DIY - ARP Wheel Studs - MY350Z.COM Forums



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Old 04-01-2011, 06:10 AM   #1
vtchang
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Default DIY - ARP Wheel Studs

Pixs to come. Please Pardon my grammar and spelling. I realize there are other ways to do this process. Perform this DIY at your own risk.

Tools:
Universal Ball Joint Separator (KD 3916) Sears # 00996404000

1/2 Ratcheting Drive
5/8" Socket
22 mm Socket

ARP Studs 100-7716 * 4 packs (They will say Subaru WRX/STi, but also fits 350z)


Front:
1) Jack up car and put jack stands on jack points identified in http://my350z.com/forum/8293361-post1.html

2) Remove Rims.

3) Remove Brake Caliper w/ 22mm Socket. There are two bolts on the backside of the caliper. Torque Specs on these things are 113 lb-ft so use the 1/2" drive and pipe.



4) Remove Brake Caliper from Rotor. The caliper will simply slide off the rotor. Be cautious of the brake line. Don't use a screw driver or anything to pry in between, you may score the surface of the rotor or scratch those sweet baby Brembos.




5) Tie up the Brake Caliper to upper A arm or anything else up high to keep it from hanging. Place rotor somewhere face hat down to keep the surface of the rotor's face safe from grease/oil.





6) Give the wheel bearing a quick spin. There should be a slight resistance. If the wheel bearing spins freely, you'll need to buy a new wheel bearing and right now would be a good idea to replace it.
http://my350z.com/forum/brakes-and-s...nt-how-to.html (start at step 6)

7a) Time to use the ball joint remover! Place the ball joint remover's pivot pin on the TOP hole to create the largest opening. Place the ball joint remover over the studs and hand tight the compression bolt. Use the 5/8" socket and start cranking down. The stud will come out after a handful of cranks. Once the stud is loose, rotate the hub until about 11am. There is a slight notch in the dust shield to allow the stud to come out.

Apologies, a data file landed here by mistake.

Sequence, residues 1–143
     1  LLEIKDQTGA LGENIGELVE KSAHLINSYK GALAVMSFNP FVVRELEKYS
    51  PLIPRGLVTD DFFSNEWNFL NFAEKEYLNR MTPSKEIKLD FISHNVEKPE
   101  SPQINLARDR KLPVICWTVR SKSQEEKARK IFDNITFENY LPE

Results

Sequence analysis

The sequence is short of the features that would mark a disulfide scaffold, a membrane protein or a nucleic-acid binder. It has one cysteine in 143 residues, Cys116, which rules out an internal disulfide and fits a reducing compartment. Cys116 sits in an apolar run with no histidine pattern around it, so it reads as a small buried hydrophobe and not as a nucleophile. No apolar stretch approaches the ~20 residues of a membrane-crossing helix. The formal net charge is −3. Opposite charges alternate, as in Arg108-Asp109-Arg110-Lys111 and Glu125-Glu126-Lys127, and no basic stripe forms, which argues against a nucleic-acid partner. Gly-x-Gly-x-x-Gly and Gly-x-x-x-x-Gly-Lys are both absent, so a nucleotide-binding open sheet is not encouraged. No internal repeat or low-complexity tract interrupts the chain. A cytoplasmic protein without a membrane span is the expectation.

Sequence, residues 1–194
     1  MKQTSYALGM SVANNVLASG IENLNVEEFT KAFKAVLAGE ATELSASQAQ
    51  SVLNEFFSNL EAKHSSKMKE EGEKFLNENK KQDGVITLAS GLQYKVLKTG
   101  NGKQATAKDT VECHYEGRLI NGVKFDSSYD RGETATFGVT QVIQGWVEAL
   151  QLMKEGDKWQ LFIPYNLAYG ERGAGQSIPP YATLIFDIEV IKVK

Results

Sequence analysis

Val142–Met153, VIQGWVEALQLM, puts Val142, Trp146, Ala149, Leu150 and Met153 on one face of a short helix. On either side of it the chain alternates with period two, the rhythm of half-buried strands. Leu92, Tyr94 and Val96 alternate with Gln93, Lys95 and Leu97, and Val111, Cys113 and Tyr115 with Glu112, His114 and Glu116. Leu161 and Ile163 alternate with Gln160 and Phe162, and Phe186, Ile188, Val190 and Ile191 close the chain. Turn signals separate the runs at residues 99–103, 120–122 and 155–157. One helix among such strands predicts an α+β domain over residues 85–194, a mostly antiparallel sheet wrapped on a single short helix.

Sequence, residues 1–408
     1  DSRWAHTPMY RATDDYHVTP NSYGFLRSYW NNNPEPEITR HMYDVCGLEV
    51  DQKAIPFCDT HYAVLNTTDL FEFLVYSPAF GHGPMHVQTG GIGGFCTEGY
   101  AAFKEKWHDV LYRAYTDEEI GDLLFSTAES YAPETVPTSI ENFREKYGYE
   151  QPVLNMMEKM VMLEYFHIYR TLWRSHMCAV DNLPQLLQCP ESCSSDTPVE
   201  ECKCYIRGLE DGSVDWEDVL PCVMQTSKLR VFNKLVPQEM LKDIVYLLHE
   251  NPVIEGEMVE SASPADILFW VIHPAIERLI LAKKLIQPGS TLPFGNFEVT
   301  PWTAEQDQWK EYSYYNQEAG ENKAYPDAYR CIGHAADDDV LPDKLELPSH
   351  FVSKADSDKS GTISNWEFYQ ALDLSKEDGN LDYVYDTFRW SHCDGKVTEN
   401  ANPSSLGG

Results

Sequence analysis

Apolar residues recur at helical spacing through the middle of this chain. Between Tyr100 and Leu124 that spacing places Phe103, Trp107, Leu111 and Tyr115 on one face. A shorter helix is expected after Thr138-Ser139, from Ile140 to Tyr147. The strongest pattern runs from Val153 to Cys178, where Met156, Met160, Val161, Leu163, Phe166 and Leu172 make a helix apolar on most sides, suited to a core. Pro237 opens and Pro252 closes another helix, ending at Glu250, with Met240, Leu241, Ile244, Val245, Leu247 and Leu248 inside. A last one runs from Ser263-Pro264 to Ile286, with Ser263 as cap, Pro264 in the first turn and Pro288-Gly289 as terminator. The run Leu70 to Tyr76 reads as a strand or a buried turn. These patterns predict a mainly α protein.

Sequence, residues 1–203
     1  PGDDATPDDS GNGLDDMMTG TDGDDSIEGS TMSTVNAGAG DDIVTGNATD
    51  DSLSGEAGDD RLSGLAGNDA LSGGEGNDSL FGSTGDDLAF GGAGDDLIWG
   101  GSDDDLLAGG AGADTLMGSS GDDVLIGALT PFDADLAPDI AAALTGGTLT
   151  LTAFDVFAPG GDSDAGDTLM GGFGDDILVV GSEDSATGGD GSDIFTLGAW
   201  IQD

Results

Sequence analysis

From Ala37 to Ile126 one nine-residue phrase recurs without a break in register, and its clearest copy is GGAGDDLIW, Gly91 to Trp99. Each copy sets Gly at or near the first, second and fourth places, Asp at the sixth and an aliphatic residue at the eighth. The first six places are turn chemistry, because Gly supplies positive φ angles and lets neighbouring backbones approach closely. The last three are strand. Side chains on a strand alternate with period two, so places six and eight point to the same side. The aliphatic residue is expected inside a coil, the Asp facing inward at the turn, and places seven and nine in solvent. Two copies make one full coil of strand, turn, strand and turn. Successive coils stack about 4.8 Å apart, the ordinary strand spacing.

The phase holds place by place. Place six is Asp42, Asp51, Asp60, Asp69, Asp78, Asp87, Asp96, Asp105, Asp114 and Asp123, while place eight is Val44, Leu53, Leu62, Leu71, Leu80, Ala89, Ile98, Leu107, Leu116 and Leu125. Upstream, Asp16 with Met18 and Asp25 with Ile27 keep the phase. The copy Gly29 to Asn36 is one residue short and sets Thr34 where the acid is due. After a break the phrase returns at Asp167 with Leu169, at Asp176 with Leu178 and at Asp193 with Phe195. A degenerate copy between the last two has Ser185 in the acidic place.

7b) Repeat 7a until all studs are out



8) Time to press in the arp studs. Get one arp stud and insert it into the hub through the notch in the dust shield. Use an open ended wheel lug nut and secure the stud into place.



9) Place the ball joint remover's pivot pin on the BOTTOM hole to create the smallest opening. Place the ball joint remover in the reverse orientation. You are now pressing the back of the stud through the hub.



10a) HINT! MAKE SURE YOU HAVE THE BALL JOINT REMOVER LINED UP PROPERLY. The more centered on the back of the wheel stud the easier your life will be. There is a sweet spot on the back of that stud that will help you press it in evenly. The point of the open ended wheel lug nut is to keep the stud centered.



10a-1) Don't worry if the stud goes in sideways, just back the ball joint remover up and try again. Don't need to press the arp stud out again. Just press the other side in. IF THE STUD GOES IN SIDWAYS, BACK OUT THE LUG NUT!

10b) Ensure the back side of the stud is completely flush with the hub.

10c) LEVERAGE is key. Notice where the ball joint remover is sitting on the hub and the direction of the 1/2" drive. (no pix, but once you start, you'll know what I mean)

11) Repeat until you got all 5 of them in.

12) Time to put the caliper and rotor back! Slide the rotor back onto the hub but do not slide it flush onto the hub. You will need to slide the caliper back onto the rotor. Slide the caliper back onto the rotor. This may require some muscle. Be cautious of your fingers as they are holding the caliper. You do not want any grease to come in contact with the brake pads.

13) PUT ANTI-SEIZE on the caliper bolts! Align the caliper and hub holes to HAND tight the brake bolts holding the caliper to the rotor. The caliper's metal is soft, the last thing you want to do is mess up the threading on it. Once you finish hand tightening the bolts, torque them down to 113 ft-lbs.

Done
Attached Thumbnails
DIY - ARP Wheel Studs-cimg0723.jpg   DIY - ARP Wheel Studs-cimg0721.jpg   DIY - ARP Wheel Studs-cimg0719.jpg   DIY - ARP Wheel Studs-cimg0716.jpg   DIY - ARP Wheel Studs-cimg0715.jpg  


Last edited by vtchang; 04-01-2011 at 07:13 AM. Reason: Pictures!
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Old 04-01-2011, 06:29 AM   #2
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More Attachment Space
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Old 04-01-2011, 06:32 AM   #3
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Even more attachment space!
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Old 04-01-2011, 06:46 AM   #4
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Damn that tool makes this seems like cake. Well done.
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Old 04-01-2011, 06:50 AM   #5